Growing non-indigenous forest species

1. Basic Principles

1.1 The vegetation pattern which evolved in European forests during the postglacial migration of forest species, forming the existing forest regions, is regarded as a precious natural asset, which must be maintained. It should be respected as the most important basis of all silvicultural measures.
1.2 Non-indigenous species (exotics) can, under some circumstances, supplement the indigenous vegetation pattern and increase the economic yield of forestry.
1.3 All forest species which did not previously form part of a given natural plant association and which have been introduced from distant locations must be considered as exotic species.
1.4 The introduction of exotic species should only be allowed after critical qualitative and quantitative analysis.

2. Basic Conditions

2.1 Intact natural forests:

In forest regions with natural forests or natural tree composition and with good potential timber production there is no reason to introduce exotics.

2.2 Forest regions with insufficient natural capital:

In certain forest regions of Europe, where post-glacial migration of tree species could not be achieved and the number of indigenous tree species is low, bearing in mind the climate and site conditions, and where yield from the indigenous species is unsatisfactory, exotics might present a valuable enrichment.

2.3 Devastated forests:

In forest regions where historical influences have weakened the genetic fitness of tree populations and where soils have been harmed by human activities, and where indigenous species under the given circumstances cannot be reintroduced and the natural succession will not take place, an introduction of exotics might contribute to the restoration of such forests.

2.4 Denuded forest land:

In places where former forests have been totally destroyed, where a forest condition no longer exists, where indigenous species under the given circumstances cannot be reintroduced at the present time, and where natural succession will not take place, exotic species might play an important pioneer role.

3. Problems

3.1 Niche invasion:

Certain exotics may expand into ecological niches which are currently only weakly exploited by native species and thereby suppress indigenous species.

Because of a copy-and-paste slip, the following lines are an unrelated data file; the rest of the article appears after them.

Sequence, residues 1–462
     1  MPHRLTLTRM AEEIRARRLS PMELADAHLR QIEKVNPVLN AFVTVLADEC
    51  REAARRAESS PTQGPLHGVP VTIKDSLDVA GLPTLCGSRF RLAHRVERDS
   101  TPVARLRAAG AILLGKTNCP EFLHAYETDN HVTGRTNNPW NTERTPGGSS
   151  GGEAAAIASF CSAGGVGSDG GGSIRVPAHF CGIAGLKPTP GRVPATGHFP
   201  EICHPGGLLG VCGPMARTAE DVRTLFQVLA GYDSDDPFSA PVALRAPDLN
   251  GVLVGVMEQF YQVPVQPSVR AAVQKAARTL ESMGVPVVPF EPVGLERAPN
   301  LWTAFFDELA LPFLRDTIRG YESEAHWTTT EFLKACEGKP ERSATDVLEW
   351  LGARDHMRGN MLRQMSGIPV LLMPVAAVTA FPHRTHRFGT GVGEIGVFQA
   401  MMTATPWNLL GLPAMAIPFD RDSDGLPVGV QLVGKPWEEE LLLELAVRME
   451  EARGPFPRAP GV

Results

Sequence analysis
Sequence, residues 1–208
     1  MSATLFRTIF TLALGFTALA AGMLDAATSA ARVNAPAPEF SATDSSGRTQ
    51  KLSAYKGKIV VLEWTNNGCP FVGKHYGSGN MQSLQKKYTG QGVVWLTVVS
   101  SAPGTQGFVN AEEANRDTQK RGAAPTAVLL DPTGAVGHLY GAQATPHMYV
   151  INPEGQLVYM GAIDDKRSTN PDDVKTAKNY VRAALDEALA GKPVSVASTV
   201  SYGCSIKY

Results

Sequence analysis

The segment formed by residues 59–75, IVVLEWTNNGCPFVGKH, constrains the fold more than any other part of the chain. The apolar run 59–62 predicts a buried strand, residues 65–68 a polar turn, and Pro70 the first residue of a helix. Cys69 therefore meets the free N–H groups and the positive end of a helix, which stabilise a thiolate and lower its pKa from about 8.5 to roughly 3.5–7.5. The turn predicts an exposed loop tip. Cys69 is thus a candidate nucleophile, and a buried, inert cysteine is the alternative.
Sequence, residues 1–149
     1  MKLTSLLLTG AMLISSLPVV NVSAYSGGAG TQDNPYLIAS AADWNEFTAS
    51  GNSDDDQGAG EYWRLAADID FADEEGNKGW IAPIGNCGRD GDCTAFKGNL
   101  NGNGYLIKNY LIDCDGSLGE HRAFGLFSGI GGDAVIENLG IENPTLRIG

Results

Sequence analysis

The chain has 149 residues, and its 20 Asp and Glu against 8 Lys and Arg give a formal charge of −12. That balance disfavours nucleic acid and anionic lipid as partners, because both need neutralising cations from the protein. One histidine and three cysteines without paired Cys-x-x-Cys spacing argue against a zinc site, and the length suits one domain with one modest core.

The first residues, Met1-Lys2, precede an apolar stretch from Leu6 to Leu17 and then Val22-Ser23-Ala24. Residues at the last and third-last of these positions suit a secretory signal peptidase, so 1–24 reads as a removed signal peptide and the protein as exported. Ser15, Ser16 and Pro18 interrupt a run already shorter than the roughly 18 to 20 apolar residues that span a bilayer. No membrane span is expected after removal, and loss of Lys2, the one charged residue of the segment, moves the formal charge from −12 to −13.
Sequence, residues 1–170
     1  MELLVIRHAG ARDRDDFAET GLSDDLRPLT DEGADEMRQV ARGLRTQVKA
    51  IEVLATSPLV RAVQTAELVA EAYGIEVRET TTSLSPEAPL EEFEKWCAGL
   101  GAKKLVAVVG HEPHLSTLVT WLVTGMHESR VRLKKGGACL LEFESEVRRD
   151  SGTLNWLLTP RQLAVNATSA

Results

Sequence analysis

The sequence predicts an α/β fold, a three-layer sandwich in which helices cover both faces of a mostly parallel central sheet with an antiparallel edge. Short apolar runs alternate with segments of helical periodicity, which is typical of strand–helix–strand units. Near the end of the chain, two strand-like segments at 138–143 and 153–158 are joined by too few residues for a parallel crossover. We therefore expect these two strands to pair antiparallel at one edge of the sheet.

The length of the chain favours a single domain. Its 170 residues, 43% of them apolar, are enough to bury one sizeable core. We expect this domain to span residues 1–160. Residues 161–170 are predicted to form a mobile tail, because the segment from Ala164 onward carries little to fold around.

3.2 Site deterioration:

Some exotics may impoverish the productivity of some soils by poor litter decomposition, acidification and insufficient depth of rooting.

3.3 Disease transport:

The introduction of some exotics into existing indigenous vegetation may bring the risk of introducing disease, which could harm the indigenous plants.

 3.4 Disease in the tree crop:

Some exotics may themselves suffer from pathogenic organisms or other risks which are present in the indigenous vegetation.

3.5 Inadequate ecological network:

Some exotics may not fit well within the indigenous ecosystem, as they do not allow the natural vegetation to establish and develop, and/or indigenous animals avoid them.

3.6 Lack of natural regeneration:

Some exotics are not able, or not sufficiently able, to propagate by natural regeneration, and require planting on a perpetual basis.

4. Conditions for Introduction

4.1 In every forest region each indigenous forest association should be represented to an extent which guarantees all its ecological functions. This means that no major introduction of exotics which would reduce or prevent such an extent should be admitted.

4.2 An introduced species should not be so aggressive in its competitive behaviour and its natural regeneration as to suppress indigenous tree species or eliminate other indigenous species.

4.3 An introduced species should be adapted to the local climate and soils. It must not impoverish soils, and its litter should be decomposed easily by native organisms.

4.4 An introduced species must not spread diseases or contribute to increased instability of ecosystems.

4.5 An introduced species must not run an abnormal risk of being itself affected by biotic or abiotic hazards.

4.6 An introduced species should become integrated into the indigenous vegetation in a modest way. It must be able to merge with, without excluding, the indigenous flora and fauna.

4.7 An introduced species should be able to regenerate naturally, together with indigenous tree species.

Integrated forest management for resilience and sustainability across 25 countries